Whitehouse : Cruise

Whitehouse : Cruise


Extremist sonic terrorism from 'power electronics' pioneers and highly offensive fuckers Whitehouse...

It’s safe to say that Whitehouse are not for everyone. Their music – performed exclusively on three analogue keyboards – contains no

beats, no melodies and, to the uninitiated, no-discernible structure. Their lyrics are mostly obsessed with murder and violent sex and are screeched over knee-trembling noise by the group’s founder, William Bennett, the man who pioneered the ‘power electronics’ genre which has given us groups like Masonna and, to a lesser extent, the Digital Hardcore stable.

Listening to the thirty-something trio of Bennett, Phillip Best and notorious underground author Peter Sotos can make you feel in a way that no other group in the world can. You can feel soiled and outraged – you can also laugh hysterically and become exhilarated.

Over the last twenty years, Whitehouse have consistently overstepped the mark, both lyrically and sonically. Their deleted, 1983 album ‘Right To Kill’ was dedicated to serial killer Dennis Nilsen and their last album ‘Mummy And Daddy’ dealt with issues like child abuse in an extremely close-to-the-bone fashion. In the past, they’ve been accused of extreme misogyny, racism and even of having paedo-tendencies and but, hey, so has Eminem.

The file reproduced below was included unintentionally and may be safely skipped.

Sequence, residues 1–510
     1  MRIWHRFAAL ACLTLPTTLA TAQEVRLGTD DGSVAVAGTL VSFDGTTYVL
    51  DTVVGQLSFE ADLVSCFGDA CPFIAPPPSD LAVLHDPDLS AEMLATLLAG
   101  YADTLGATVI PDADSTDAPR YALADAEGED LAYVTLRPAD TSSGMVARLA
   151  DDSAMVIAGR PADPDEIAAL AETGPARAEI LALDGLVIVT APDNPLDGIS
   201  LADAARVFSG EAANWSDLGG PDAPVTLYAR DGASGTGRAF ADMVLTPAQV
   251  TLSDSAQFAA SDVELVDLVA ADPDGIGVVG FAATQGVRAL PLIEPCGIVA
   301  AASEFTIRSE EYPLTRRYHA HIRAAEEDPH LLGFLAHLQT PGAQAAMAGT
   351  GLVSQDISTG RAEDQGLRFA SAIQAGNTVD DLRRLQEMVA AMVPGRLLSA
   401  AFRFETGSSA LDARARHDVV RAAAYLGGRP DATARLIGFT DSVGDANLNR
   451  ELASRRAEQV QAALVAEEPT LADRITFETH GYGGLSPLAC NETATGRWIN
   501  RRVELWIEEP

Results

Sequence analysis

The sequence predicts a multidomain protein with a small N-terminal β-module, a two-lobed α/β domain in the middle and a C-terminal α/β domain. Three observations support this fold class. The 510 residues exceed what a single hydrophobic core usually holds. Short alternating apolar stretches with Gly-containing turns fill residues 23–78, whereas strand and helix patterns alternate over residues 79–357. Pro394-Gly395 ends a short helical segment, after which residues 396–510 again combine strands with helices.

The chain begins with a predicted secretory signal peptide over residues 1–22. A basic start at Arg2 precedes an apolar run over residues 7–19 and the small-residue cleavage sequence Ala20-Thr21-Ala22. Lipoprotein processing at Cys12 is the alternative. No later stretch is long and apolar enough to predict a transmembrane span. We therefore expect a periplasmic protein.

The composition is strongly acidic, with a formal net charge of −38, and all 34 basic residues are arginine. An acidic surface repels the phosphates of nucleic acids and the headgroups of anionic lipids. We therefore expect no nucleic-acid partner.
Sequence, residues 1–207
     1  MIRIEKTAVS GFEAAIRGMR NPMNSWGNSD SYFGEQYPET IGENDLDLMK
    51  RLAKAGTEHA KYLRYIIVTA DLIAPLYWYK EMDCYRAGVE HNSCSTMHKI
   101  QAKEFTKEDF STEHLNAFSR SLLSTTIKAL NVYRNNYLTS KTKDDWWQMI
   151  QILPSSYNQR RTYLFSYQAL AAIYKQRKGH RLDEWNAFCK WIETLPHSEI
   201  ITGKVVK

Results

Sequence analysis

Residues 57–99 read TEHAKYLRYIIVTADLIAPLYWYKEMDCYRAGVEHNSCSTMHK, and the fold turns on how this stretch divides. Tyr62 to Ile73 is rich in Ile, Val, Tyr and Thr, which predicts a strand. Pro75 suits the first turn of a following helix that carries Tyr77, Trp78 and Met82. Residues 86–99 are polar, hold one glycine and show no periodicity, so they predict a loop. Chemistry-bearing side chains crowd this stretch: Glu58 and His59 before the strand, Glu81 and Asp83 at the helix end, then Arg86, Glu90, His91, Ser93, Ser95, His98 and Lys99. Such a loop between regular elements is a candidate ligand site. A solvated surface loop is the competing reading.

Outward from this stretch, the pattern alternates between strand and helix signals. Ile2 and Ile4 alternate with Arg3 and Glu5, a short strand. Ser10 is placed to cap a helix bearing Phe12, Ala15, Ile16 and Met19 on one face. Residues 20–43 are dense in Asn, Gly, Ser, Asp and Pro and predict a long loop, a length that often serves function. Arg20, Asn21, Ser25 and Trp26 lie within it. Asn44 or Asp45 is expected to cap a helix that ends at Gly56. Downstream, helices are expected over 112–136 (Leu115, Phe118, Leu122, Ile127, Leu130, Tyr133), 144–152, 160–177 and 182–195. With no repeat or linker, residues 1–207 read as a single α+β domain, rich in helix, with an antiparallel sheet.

With ‘Cruise’, the band have pushed their ‘unique’ aesthetic even further, and have made what is, arguably, their most perfectly realised work to date. From the album’s brutal, buzzing, screaming ‘Cruise (Force The Truth)’ to the final ‘A Cunt Like You’ (the group’s magnum opus), ‘Cruise’ is at turns harrowing, hilarious, awe-inspiring and disgusting. Whatever the emotion, it’s always an extremely intense one.

The album’s centrepiece ‘Public’ is a sound collage made up by Peter Sotos of interviews with murder victim’s families, drug-addled street prostitutes and tearful abuse victims. It’s typically stomach-churning stuff, but when you consider the fact that Sotos took all this material from day-times chat shows like Oprah Winfrey, Rikki Lake or Jerry Springer – shows that we watch every day – you begin to realise what it

is that makes Whitehouse so terrifying and, at the same time, such an invigorating experience. Everything here is real.

If you like your noise records raw, uncensored and visceral, then it’s unlikely that you’ll find a better album all year than this. If easily offended and politically correct then we suggest you steer well clear.

Andy Capper